How to navigate security in a modern workplace

Pratik Roy

Pratik Roy

Partner Content: Microsoft

By Pratik Roy, Modern Workplace and Security Business Group Lead for Middle East and Africa at Microsoft

By definition, it can be said that a modern workplace is a fully collaborative workplace that’s integrated with technology in order to boost productivity. Typically, this environment has a mobile workforce that allows employees to work remotely and utilise modern tools and devices to collaborate effectively. Digital transformation in this regard refers to businesses aligning technology, their employees and business processes to improve operational efficiency ultimately meeting organisational goals.

Within every organisation, four pillars exist: employees, processes, products and customers. Digital transformation within organisations requires the touching of one or more of these pillars. To illustrate this, let’s focus on the customer. In the effort to build and maintain interaction with current and potential customers – customer relationship management (CRM), organisations need to have a 360° view. Let’s say, for example, an organisation wants to introduce a new customer experience solution on a media channel for easier and secure access to its customers. Every time the organisation introduces a change in its company from a technology perspective, security posture for all the pillars in the organisation must also be redefined.

The modern workplace inherently attracts the threat of cyberattacks on organisations, with employees often being a soft target. To better understand this, let’s explore the security risks associated with mobile/remote workers using the practical scenario below:

If your employees work remotely, what do you as an employer need to know about them? Here are a few questions to consider:

1. Who is remote worker A;
2. What does he/she have access to;
3. What devices does he/she use to access the corporate network;
4. At which locations does remote worker A usually access the corporate network;
5. While on the corporate network, which apps are he/she allowed to access using the corporate network?

In this scenario, there are two main areas your organisation needs to investigate;

a) the remote worker’s identity
b) the devices the remote worker uses to access the corporate network

If for example, remote worker A usually logs into his/her work email account at 08:00 am in Dubai, UAE but on the same day, 15 minutes later, he/she logs into the same email account with location pinged as Nairobi, Kenya, this is a clear security red flag and the corrective security measures (password change) should be implemented immediately.

In a modern workplace, there are many possible scenarios in which an organisation’s security can be breached. Below are some tips on how to protect your company’s security from being compromised by cybercriminals.

  • Ensure that security becomes a culture of your organisation, not just a requirement. When employees buy into the idea that security is business, they are more likely to remain alert and signal any suspicious behaviour to the IT and security specialist before any lasting damage is done.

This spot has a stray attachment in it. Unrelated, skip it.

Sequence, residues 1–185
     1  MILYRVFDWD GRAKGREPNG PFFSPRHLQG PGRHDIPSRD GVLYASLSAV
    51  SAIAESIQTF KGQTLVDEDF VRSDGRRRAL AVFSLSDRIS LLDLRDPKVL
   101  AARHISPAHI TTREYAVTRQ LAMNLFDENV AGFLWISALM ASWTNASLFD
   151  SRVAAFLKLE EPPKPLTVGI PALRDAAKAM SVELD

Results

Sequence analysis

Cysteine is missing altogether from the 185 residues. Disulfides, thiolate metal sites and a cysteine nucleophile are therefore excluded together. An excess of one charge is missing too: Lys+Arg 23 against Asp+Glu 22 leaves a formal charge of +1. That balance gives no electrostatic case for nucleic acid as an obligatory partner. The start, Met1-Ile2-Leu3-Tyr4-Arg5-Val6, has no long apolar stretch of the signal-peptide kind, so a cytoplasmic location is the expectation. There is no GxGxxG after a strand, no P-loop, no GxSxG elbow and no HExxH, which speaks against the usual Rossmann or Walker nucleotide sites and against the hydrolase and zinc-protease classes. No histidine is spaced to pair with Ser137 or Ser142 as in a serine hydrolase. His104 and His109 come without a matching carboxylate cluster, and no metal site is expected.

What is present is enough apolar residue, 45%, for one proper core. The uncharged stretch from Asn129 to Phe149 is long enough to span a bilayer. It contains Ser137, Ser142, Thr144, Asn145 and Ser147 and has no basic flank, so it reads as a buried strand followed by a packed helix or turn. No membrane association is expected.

• Make sure that all your employees’ devices are updated with the latest security software. To ensure that this is enforced, schedule updates regularly and send employees notifications of these as soon as they are available, with the threat of being kicked out the network if these software updates are not applied.
  • Apply multifactor authentication security measures, that is, using more than one method and entry into a company network platform. For example, using a combination of password and fingerprint verification to access the corporate network when logging on from a new device.
  • Never leave your device unattended, lock it up whenever you leave your workstation, especially when working remotely at a public place like a coffee shop.
  • Don’t use public Wi-Fi without using a virtual private network (VPN) because VPN encrypts your online connections, protecting your data from hackers.

Microsoft offers a range of products and services to its customers designed for large organisations and integrates Office 365 Enterprise, Windows 10 Enterprise and Enterprise Mobility and Security to empower employees to be creative and work together, in a secure environment. Microsoft 365 Enterprise provides intelligent security built into all levels – the physical layer, the network layer, the infrastructure, and the apps.

An evolving cyber-threat landscape and security challenges can have a real impact on individuals and businesses. Our security offering is unique and secure in that our security products are built-in not built on, making them the best of suite in the market.

Although companies provide a multi-layer approach to security, employees also have a responsibility to develop healthy security habits. Security should be a habit; we need to regularly maintain the hygiene of our devices by applying the latest software updates. Security should become a part of every employee’s DNA.